Melanoma is one of the most lethal forms of cancers. The major reason for lack of satisfactory management of melanomas is our poor understanding of the biology of melanoma pathogenesis. Recently, regulation of mRNA fate in the cytoplasm emerged as a major mechanism controlling gene expression. RNA-binding proteins afford another dimension of the regulation of pathways involved in tumor progression. IGF2BP1 is an RNA-binding protein that regulates stability, localization and translation of its mRNA targets. We have previously shown that RNA-binding protein IGF2BP1 is overexpressed in melanomas, however the role of IGF2BP1 in pathogenesis of melanoma has not been elucidated. Our new preliminary data in different mouse models show that IGF2BP1 affects melanoma metastasis and its high expression in human melanoma correlates with poor clinical outcomes. Based on our previous studies and new exciting observations we hypothesize that IGF2BP1 plays a key role in melanoma progression and metastasis. To test this hypothesis, we propose the following independent, but highly interrelated specific aims:
Specific Aim 1. To analyze mechanisms of IGF2BP1 function in melanoma metastasis.
This aim i s designed to identify IGF2BP1 targets responsible for the function of IGF2BP1 in melanoma metastasis. To this end we propose several complementary approaches to perform an unbiased analysis of IGF2BP1 involvement in melanoma metastasis. Our approach will include: i) analysis or RNA downregulated upon inhibition of IGF2BP1 function in melanoma in vivo; ii) in vivo analysis of cDNAs capable of overcoming the inhibition of melanoma metastases caused by IGF2BP1 down-regulation; iii) analysis of changes in half-life and expression of mRNA upon IGF2BP1 inhibition in melanoma; and iv) identification of mRNAs directly interacting with IGF2BP1 in metastatic melanoma cells.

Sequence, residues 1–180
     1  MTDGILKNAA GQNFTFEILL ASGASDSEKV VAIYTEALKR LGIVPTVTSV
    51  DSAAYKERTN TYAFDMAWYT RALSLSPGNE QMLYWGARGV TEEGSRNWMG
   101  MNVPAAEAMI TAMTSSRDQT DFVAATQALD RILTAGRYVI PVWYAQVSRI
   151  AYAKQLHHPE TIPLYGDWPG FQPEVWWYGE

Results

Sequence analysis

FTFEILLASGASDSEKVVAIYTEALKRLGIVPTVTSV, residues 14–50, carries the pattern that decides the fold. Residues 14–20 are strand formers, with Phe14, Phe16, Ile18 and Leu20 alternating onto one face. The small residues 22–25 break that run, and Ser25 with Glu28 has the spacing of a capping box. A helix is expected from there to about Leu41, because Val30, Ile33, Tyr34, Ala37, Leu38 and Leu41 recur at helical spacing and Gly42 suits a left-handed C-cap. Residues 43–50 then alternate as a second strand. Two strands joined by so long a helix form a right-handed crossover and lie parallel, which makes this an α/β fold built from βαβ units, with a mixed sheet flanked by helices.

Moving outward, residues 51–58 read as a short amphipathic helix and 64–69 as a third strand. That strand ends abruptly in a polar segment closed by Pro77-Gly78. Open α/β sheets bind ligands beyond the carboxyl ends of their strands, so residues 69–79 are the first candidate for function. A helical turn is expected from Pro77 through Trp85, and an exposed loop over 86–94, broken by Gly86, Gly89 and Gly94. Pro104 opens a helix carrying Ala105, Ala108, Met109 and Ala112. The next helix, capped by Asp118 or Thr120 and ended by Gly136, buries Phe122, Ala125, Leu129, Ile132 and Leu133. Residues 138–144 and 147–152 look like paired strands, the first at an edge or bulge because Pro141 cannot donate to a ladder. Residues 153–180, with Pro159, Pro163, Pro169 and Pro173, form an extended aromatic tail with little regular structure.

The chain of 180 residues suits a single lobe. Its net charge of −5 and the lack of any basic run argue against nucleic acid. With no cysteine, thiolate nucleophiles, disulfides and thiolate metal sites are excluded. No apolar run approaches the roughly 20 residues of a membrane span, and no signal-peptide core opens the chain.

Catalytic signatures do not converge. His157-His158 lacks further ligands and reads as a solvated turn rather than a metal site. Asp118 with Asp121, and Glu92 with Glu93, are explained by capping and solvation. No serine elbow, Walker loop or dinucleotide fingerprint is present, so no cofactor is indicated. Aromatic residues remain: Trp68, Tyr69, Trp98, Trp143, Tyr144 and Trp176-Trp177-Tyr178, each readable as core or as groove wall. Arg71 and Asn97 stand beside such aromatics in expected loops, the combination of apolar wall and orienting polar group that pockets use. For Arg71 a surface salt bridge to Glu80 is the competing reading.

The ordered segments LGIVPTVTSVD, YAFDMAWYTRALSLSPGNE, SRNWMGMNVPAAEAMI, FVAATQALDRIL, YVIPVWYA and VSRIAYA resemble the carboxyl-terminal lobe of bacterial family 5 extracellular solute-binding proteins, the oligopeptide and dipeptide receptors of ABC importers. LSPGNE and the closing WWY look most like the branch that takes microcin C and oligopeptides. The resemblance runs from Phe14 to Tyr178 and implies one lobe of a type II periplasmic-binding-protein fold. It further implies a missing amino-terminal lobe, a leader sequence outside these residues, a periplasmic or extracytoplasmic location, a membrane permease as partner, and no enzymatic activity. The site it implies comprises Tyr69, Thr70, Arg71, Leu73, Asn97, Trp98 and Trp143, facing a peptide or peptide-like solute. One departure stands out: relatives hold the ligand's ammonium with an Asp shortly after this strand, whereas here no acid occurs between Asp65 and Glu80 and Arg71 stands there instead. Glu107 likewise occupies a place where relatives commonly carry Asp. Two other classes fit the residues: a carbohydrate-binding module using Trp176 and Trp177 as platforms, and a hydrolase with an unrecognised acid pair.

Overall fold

Specific Aim 2. To analyze the role of IGF2BP1 in EV-mediated melanoma progression.
This aim i s designed to comprehensively evaluate the function of IGF2BP1 in melanoma EV, especially as it relates to their role in tumor progression. Our analysis will include the elucidation of the IGF2BP1 in EV-mediated pre-metastatic niche formation; its role in EV uptake by recipient cells in vitro and in vivo; efficiency of RNA transfer to recipient cells; analysis of EV number, size, composition and cargo; and validation of our findings in EV isolated from the serum of melanoma patients. Impact: On successful completion of this study, we will: (a) understand the contribution and mechanisms of IGF2BP1 involvement in melanoma progression; (b) better understand how IGF2BP1 and its target genes are involved in melanoma metastasis; and (c) establish IGF2BP1 as a novel therapeutic target for melanoma patients. The proposed studies which combine cellular and molecular biology, bioinformatics, technology development, and cutting-edge in vivo experimentation will provide insights into the interplay between the IGF2BP1 and its target molecules and how these contribute to melanoma progression. Ultimately, the data obtained in this study have a potential to pave the way for new therapeutics in melanoma.
The major reason for the lack of satisfactory management of melanoma is our poor understanding of the biology of melanoma development, progression and metastasis. Proposed studies on the role of IGF2BP1 in melanoma progression and metastasis are highly significant not only for the understanding the pathogenesis of malignant melanoma, but also for the validation of a novel target for the therapy and/or prevention of melanoma.